What are the signs and symptoms of the most common mental illnesses?
Each mental illness is different, though some have overlapping symptoms. There are, however, some warning signs that could indicate a need to see a medical or mental health professional. These early warning signs include:
- Eating or sleeping too much or too little
- Abusing alcohol, drugs, or tobacco
- Fighting more with friends and family
- Considering harming yourself or others
- Feeling fatigued with low or no energy
- Feeling apathetic
- Feeling hopeless or helpless
- Feeling sad or irritable for long periods of time
- Experiencing excessive amounts of anger, anxiety, confusion, fear, forgetfulness, and worry
- Experiencing extreme mood swings that negatively impact relationships
- Experiencing unexplained physical pain
- Hearing voices or having delusional thoughts
- Withdrawing from other people and social activities
- Being unable to do your daily tasks
What should I do if I think I have a mental health issue?
Find and talk with a mental health professional if you think you may be living with a mental illness so you can get the appropriate treatment. This is important for both your mental and physical health. In addition to impacting your day-to-day life and potentially causing financial distress due to lost earnings, serious mental illnesses also increase your risk of having chronic medical conditions.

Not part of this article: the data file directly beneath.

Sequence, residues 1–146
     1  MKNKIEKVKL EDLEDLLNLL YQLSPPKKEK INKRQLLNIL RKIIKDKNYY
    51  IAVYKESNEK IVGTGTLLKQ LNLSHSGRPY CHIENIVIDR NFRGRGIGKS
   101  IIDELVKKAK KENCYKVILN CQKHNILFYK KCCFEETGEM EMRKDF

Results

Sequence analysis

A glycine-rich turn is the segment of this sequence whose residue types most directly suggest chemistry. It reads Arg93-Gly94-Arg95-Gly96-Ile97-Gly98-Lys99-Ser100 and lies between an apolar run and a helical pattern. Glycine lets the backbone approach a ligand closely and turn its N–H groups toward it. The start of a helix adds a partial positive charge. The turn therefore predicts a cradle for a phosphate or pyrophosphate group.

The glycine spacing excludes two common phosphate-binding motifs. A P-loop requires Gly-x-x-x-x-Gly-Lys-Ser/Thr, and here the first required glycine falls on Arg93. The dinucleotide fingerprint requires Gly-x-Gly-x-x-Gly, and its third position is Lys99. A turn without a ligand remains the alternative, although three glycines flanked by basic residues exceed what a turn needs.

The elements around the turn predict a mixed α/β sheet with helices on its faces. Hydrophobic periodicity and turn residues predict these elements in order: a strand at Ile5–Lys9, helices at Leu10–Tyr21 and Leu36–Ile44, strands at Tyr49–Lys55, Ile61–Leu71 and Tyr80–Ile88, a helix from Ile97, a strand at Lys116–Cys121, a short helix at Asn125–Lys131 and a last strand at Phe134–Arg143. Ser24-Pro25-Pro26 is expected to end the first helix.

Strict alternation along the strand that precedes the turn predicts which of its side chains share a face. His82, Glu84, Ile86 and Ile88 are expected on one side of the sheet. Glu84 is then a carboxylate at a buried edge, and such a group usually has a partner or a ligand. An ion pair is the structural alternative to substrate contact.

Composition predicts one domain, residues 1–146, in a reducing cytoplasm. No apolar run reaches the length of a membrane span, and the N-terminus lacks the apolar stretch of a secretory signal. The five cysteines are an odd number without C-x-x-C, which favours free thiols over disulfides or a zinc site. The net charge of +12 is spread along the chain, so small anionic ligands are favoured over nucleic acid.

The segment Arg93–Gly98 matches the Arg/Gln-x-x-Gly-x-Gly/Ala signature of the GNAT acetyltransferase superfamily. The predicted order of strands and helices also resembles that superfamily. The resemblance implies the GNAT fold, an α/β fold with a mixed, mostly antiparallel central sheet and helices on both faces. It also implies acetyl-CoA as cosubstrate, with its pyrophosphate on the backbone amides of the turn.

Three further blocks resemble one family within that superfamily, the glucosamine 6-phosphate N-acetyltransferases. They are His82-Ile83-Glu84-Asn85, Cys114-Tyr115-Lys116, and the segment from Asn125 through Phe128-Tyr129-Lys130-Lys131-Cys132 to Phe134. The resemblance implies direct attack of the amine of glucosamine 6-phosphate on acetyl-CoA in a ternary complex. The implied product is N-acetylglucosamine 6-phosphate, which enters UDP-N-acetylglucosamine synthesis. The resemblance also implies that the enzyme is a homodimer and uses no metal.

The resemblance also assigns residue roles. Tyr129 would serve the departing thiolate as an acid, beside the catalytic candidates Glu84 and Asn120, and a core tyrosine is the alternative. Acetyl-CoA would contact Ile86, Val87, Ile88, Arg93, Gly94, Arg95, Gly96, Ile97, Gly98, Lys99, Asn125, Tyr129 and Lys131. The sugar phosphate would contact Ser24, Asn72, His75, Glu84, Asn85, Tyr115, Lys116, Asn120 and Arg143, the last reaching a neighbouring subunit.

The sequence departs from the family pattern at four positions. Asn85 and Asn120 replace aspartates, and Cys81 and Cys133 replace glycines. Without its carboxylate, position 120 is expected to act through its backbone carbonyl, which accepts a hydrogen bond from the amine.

You can also take screening tests for some mental disorders, but only a mental health professional can formally diagnose you and get you on the road to recovery.
How can I help a friend or family member who has or may have a mental health issue?
Learning the signs and symptoms of depression, anxiety, and other common mental health illnesses can help you spot potential mental health issues. If you’re concerned, talk to your loved one and encourage him or her to speak with a mental health professional.
If you think your friend or family member may hurt him or herself, encourage them to call the National Suicide Prevention Lifeline at 1-800-273-TALK to chat with a trained crisis worker. Online chat is also available.
Is mental health coverage included under the Affordable Care Act?
Yes! Mental health services are one of the essential health benefits that are mandated by the ACA. Coverage includes behavioral health treatments such as counseling and psychotherapy, inpatient services for mental and behavioral health, and treatment for substance abuse. The exact mental health benefits you have will depend on your health insurance plan.
In addition, most plans also include preventive mental health services such as depression screenings.
How can I maintain positive mental health?
Being mentally healthy allows you to realize your own potential and help with that of your community’s. Proactive ways to maintain positive mental health include exercising, getting adequate sleep, learning how to cope with life’s stresses, connecting with other people, and speaking with a mental health professional when you need it.